Well-being coaching embodies the premise of thriving vs. just surviving. It typically emphasizes ways to cultivate self-awareness for how you work best. Doing so may include aligning priorities with one’s sense of purpose and meaning, finding personal rhythms, peak times, and flow, and managing energy over time management. 

Well-being coaching also operates on the premise that when people feel good about things, they are more likely to demonstrate positive behaviors, which may lead to a sense of flourishing. Garnering a steady sense of optimism balanced with realistic perspectives of the world helps support people in doing that. A well-being coach is also likely to be versed in areas of emotional and social intelligence.

Applications from positive psychology are an important part of well-being-focused coaching. In a nutshell, the perspective from positive psychology in coaching is to prioritize the optimization of personal strengths and attributes (vs. focus on weaknesses). It’s not that weaknesses, gaps, or struggles aren’t acknowledged. These factors may be relevant for a personal or professional development plan. However, the primary emphasis of positive psychology-based coaching is to leverage learning, intrinsic motivations, and applications of a person’s strong suits in working on goals, priorities, and challenges in life.

A systematic review of positive psychology-based coaching defined this style of coaching as a professional, collaborative relationship between a client and coach that is aimed at identifying, utilizing, developing, and optimizing personal strengths and resources to enhance positive states, traits, and behaviors.

Furthermore, the researchers identified positive psychology-based coaching as one that facilitates personal growth, optimal functioning in life, enhancing well-being, and actualization of a person’s potential. The research publication in Frontiers in Psychology also identified primary mechanisms that contribute to the effectiveness of this style of coaching.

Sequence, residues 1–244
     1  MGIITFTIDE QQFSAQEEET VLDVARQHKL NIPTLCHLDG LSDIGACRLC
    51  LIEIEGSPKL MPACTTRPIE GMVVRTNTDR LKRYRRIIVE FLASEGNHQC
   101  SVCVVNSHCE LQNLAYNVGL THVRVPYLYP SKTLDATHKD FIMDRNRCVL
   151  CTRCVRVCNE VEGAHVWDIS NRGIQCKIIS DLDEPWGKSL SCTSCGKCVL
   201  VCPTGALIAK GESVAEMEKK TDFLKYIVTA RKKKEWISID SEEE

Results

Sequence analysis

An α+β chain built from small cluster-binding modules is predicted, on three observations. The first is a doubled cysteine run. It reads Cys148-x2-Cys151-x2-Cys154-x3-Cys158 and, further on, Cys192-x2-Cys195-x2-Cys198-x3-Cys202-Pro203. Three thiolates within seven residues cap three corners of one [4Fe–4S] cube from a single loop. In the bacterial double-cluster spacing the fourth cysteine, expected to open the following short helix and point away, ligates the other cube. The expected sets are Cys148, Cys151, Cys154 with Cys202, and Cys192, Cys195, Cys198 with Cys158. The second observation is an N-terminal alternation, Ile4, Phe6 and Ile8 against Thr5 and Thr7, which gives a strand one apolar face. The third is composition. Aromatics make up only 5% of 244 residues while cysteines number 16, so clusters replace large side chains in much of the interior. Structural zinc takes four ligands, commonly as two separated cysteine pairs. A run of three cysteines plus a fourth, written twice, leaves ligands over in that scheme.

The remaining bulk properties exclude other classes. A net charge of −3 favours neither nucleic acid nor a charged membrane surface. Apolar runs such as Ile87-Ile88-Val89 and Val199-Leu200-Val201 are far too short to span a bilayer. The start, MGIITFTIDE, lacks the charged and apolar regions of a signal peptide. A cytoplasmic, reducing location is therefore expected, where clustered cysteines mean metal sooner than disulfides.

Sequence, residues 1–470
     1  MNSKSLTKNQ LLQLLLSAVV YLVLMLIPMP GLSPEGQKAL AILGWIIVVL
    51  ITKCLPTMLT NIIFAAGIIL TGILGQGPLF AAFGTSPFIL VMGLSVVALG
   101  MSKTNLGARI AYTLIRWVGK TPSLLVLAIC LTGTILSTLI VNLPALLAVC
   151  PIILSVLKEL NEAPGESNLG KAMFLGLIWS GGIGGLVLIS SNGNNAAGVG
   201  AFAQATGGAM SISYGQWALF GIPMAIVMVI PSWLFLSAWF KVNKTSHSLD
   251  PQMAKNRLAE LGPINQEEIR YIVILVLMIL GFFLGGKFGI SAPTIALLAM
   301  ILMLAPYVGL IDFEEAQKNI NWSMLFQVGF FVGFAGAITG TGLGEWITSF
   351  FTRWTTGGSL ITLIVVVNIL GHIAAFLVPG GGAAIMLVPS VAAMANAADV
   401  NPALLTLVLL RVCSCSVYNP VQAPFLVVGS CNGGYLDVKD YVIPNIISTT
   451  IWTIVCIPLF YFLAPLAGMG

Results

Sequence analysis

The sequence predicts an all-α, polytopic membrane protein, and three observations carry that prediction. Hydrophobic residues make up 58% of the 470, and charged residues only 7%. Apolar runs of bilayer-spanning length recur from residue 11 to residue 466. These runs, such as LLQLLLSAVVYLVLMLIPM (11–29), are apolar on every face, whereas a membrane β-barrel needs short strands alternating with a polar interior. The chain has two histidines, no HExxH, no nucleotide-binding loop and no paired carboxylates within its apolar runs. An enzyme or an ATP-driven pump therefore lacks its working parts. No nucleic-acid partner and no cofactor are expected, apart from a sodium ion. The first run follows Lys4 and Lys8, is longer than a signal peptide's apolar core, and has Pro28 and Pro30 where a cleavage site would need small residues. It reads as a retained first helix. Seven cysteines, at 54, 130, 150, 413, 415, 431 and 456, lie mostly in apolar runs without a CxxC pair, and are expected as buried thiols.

Ashley was drawn to applied positive psychology in coaching because people often face complexities and entwined components across their life areas. Just because someone, for example, desires to lose weight and seeks out the support of a coach, doesn’t mean that they won’t end up identifying intersecting life areas to work on.

Ultimately, the lens and perspective from positive psychology-based coaching emerged time and time again in coaching people. The modality provides significance to the focus on real people in their normal lives.

In general, positive psychology-based coaching streamlines a positive and supportive coaching-client relationship. It helps people identify their core strengths, skills, aptitudes, character, and values and then translate those attributes into a clear vision plan. The idea of a vision plan could be like a master plan, such as a life vision plan, or could be specific to a topic or priority area. Finally, positive psychology in coaching focuses on realistic “do” steps for clients while also celebrating progress and learning that emerges along the way.

This style of coaching can be applied to a range of areas, including:

  • Lifestyle planning
  • Clarity/vision, Clear life vision plans
  • Identifying & applying personal strengths and core skills/aptitudes
  • Personal performance in life, work, family, etc.
  • Work-life-family integration
  • Stress & well-being
  • Life changes & transitions
  • Getting on track (or unstuck)
  • Cultivating resilience & coping skills
  • Responding to setbacks in life
  • Overcoming barriers or adversity
  • Standing up or advocating for oneself, Also, self-compassion & personal advocacy
  • Positive vs. Negative thought patterns & Getting out of rabbit holes of negative thinking
  • Specific areas of personal wellness

If you wish to learn more about coaching service options with Ashley, check out the Work With Me page. As always, we welcome your questions and encourage people to take advantage of our complimentary introduction calls.